Findakly: In this book, I’m balancing the personal (my family history) and the historical (charting the political changes in the country). In regards to my own history, there were aspects of life that affected everyone, not just my family. In addition to providing a rhythm to the book, the “In Iraq” sections offered a way to tell those stories and to encapsulate how we lived in those days, to show that it was how much of the Iraqi population lived. I’m telling my story, but my story is also at certain points everyone’s story. After working on the book for a dozen pages, I realized I needed to find a strategy to make our story’s universal elements obvious.

You move quickly from anecdote to anecdote in a mostly chronological way, but don’t hesitate to jump forward and backward in time to follow certain threads. The effect provides readers with a very full picture of your Iraqi experience. Was there a conscious decision to stay away from a heavier central narrative?

Findakly: Yes, I wanted to share my memories in a way that felt like the reader was seated next to me, having a conversation with me. So there’s a central chronological framework, but I allowed myself to digress, especially when the current events in Iraq would capture my attention while I was writing the book. I found that more pleasant.

Did Lewis’s Little Nothings strips influence that approach at all?

Findakly: Actually, the process was that I would share my memories with Lewis and he would suggest a way to tell them and draw them. My primary goal was for the readers to understand what I wanted to share with them. Often I wanted to go much deeper in explaining a situation but Lewis would push me to have confidence in the reader’s intelligence.

Brigitte, you’ve worked as a colorist for a long time. Have you done much published writing?

Findakly: No, this is my only experience as a writer.

Lewis, you’ve never visited Iraq, correct?

Lewis Trondheim: Correct.

While the West has seen many, many images of war-torn Iraq, you are tasked in this book with showing a more everyday side of the country. Did that lack of familiarity create any challenges in presenting the subtleties of a life in Iraq?

Trondheim: Oh definitely. But the biggest challenge was to draw people and not animals. Beyond that, I had three or four photo albums at my disposal, none of which had many exterior photos, since people were forbidden to take photographs in the street — the government was scared of spies. And since there’s no Google Street View of Mosul, I found another website, Panoramio, that had a lot of recent photos of Mosul. So I’d look at the photos, and then ask Brigitte if this or that building, street, mosque existed in the 1960s. And beyond that, if I drew something that didn’t work for whatever reason, Brigitte’s memory or her brother’s came to the rescue.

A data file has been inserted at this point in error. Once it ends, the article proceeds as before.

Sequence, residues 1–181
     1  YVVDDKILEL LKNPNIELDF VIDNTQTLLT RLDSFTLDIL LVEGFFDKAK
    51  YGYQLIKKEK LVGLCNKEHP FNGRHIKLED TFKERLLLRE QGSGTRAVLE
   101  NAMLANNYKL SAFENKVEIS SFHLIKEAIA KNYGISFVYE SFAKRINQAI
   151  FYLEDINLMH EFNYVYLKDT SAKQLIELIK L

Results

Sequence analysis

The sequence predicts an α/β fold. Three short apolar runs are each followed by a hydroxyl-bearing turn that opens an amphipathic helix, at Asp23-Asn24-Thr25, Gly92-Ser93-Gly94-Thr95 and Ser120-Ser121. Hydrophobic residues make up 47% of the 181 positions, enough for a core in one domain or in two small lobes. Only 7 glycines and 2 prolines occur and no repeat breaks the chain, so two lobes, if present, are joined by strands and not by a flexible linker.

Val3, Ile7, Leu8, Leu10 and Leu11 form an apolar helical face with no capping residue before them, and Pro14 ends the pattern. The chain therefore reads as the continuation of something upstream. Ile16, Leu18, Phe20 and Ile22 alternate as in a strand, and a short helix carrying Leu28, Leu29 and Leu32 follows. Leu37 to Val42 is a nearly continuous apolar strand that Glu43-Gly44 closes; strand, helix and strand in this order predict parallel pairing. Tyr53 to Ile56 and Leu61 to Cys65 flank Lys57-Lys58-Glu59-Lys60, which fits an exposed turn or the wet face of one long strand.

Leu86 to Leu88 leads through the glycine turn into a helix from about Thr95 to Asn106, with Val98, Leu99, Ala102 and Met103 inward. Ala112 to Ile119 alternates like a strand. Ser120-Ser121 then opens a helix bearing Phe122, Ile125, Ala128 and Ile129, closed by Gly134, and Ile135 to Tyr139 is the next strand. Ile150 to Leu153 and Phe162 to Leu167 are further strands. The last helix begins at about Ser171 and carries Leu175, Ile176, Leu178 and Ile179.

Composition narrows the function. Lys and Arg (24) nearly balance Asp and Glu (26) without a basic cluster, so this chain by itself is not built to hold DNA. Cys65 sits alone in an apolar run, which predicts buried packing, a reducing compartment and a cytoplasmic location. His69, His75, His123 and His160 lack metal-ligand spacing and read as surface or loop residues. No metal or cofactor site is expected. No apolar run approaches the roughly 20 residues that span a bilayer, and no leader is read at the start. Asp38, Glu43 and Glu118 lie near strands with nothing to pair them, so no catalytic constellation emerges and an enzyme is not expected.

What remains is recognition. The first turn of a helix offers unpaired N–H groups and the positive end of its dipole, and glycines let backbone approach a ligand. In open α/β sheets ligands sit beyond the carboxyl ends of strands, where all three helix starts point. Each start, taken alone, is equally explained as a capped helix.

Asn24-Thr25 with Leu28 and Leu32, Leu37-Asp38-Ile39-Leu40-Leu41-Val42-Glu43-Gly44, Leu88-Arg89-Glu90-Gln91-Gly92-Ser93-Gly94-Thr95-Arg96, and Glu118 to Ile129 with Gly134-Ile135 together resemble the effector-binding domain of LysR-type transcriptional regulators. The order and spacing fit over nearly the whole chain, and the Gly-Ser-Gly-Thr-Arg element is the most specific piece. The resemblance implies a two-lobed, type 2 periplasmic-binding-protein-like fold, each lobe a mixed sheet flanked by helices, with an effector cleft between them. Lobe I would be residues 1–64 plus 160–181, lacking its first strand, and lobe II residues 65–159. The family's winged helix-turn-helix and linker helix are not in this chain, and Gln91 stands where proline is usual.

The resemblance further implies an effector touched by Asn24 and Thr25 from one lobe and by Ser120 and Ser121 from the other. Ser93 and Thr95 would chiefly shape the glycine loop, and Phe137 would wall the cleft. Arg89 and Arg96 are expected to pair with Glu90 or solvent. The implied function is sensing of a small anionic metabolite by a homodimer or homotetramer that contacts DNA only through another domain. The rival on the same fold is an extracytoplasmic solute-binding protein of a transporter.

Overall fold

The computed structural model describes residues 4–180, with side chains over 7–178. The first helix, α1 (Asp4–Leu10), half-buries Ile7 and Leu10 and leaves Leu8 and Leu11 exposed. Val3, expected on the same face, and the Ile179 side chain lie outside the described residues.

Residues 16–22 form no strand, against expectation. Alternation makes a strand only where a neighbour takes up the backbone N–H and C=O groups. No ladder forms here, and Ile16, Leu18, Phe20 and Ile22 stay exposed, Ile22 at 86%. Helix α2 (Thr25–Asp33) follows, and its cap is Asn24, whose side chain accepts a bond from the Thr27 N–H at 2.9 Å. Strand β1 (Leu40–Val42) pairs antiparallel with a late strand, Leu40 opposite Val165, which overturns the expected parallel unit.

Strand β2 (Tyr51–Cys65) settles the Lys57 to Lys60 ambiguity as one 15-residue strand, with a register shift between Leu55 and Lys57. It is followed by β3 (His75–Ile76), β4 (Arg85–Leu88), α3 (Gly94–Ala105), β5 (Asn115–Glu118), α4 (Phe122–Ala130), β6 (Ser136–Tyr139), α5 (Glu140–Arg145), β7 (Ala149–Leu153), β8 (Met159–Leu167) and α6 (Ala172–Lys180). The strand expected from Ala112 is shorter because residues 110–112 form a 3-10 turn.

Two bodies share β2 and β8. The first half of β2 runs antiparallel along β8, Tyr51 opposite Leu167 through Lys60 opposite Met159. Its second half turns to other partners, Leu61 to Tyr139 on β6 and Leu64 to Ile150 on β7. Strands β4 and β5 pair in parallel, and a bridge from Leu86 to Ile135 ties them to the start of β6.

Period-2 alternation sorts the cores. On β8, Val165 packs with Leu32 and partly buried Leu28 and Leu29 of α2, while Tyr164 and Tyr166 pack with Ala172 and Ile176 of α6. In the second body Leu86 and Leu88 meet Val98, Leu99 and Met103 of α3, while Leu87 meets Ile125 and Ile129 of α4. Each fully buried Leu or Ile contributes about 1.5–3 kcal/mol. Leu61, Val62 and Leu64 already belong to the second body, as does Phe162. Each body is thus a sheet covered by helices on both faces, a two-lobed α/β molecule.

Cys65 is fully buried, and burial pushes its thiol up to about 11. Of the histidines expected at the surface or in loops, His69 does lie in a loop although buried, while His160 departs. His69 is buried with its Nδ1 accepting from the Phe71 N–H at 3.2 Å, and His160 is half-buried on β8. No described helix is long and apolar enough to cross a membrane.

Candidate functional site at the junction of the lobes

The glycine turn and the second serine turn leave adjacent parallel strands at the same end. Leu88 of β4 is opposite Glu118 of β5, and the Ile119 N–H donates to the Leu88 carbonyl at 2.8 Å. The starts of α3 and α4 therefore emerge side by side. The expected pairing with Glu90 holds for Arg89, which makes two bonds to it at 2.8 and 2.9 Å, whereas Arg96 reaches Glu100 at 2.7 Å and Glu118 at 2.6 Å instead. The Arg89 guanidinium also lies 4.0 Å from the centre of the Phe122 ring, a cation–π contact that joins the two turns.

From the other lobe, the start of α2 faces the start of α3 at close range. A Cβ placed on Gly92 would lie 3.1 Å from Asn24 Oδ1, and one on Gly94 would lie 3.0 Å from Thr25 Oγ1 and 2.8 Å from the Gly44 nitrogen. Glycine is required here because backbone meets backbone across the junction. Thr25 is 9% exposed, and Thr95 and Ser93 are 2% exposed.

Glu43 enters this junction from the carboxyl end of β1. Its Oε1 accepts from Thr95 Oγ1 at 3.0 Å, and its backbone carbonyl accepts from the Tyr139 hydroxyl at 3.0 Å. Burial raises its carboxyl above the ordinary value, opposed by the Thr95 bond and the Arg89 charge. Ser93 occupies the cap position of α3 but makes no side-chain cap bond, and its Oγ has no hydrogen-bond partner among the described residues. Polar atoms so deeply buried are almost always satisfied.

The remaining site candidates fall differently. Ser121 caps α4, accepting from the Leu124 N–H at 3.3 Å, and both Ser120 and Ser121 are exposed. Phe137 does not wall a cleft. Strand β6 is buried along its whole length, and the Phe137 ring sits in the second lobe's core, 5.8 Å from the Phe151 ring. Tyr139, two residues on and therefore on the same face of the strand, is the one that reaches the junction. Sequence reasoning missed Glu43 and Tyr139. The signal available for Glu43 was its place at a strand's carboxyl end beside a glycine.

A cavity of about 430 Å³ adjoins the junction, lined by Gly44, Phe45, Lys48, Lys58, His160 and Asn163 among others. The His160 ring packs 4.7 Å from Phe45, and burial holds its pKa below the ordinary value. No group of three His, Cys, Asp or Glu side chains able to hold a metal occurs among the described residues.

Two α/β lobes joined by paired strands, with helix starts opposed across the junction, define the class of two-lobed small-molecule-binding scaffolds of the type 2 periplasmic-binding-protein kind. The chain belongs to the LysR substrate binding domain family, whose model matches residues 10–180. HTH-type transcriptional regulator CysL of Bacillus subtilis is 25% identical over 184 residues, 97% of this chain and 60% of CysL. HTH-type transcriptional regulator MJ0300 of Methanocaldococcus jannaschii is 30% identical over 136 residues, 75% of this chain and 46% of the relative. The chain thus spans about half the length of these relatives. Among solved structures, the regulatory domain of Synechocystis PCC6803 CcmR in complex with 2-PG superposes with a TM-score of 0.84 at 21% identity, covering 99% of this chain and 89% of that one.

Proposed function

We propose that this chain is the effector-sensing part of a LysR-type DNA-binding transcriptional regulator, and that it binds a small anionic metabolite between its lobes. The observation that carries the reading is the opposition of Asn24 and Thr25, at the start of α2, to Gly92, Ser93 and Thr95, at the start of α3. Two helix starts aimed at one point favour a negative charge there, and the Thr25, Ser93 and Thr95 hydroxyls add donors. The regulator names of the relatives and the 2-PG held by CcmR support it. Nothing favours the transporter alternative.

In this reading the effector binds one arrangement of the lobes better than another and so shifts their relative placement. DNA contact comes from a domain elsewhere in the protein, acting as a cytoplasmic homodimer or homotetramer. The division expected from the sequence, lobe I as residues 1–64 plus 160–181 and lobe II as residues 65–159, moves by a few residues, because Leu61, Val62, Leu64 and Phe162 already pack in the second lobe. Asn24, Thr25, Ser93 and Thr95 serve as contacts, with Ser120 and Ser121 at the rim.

How many times did you accidentally start to draw somebody as a bird-person?

Trondheim: [Laughs] No, that didn’t happen, even if I would have very much enjoyed drawing Saddam Hussein as a pig.

Brigitte has colored much of Lewis’s work. How was the collaborative dynamic different working together as writers?

Findakly: In the beginning, there was a bit of apprehension — we’ve been married for 25 years now and we didn’t want to destroy our marriage over a book. But actually everything went very smoothly — there was a lot of listening to one another. And a lot of putting confidence in one another. If I worked with a different illustrator, they might not have dared to tell me no, as Lewis did when I proposed including certain anecdotes that didn’t seem interesting to him.

What’s next for you both?

Findakly: We just saw Nadwa, my childhood friend. I hadn’t seen her in 28 years. Maybe I’m going to visit the rest of my family around the world. But I’m pretty sure that won’t be a book; that would just be for me.